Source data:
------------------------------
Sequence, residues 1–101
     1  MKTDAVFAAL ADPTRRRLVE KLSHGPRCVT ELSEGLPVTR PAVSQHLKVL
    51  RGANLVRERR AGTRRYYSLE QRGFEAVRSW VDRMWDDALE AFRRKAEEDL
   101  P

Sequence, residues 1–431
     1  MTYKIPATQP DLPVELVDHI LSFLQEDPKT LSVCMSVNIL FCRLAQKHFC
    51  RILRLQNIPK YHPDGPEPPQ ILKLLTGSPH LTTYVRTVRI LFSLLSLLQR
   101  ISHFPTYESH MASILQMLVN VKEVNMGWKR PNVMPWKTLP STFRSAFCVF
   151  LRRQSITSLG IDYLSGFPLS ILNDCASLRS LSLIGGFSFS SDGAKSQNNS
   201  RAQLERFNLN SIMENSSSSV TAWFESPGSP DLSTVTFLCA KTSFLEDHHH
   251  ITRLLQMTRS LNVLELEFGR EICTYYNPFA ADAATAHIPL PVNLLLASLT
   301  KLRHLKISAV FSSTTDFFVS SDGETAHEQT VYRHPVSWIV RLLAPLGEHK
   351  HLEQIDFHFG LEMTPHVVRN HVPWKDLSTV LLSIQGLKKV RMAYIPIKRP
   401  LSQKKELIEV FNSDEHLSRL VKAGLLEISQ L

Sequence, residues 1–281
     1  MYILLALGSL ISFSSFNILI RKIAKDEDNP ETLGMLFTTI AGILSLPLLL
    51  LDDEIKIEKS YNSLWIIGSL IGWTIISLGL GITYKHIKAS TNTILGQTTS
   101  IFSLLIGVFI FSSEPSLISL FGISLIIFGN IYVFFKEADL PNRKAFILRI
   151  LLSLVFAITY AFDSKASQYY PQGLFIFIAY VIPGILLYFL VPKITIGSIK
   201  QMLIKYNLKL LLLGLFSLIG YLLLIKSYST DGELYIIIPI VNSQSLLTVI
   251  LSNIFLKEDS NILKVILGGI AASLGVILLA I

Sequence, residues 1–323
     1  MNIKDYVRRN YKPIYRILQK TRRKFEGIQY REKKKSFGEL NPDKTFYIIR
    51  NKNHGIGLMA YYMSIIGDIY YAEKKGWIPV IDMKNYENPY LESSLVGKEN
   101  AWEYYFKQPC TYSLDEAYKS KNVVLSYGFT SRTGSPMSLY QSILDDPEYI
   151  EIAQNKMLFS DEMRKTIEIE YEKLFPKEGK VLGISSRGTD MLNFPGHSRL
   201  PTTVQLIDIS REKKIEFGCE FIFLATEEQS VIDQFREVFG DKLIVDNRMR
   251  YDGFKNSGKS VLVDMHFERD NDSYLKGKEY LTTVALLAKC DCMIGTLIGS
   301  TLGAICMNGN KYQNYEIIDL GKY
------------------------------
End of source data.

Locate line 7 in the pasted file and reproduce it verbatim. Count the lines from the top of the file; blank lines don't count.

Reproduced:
    51  RILRLQNIPK YHPDGPEPPQ ILKLLTGSPH LTTYVRTVRI LFSLLSLLQR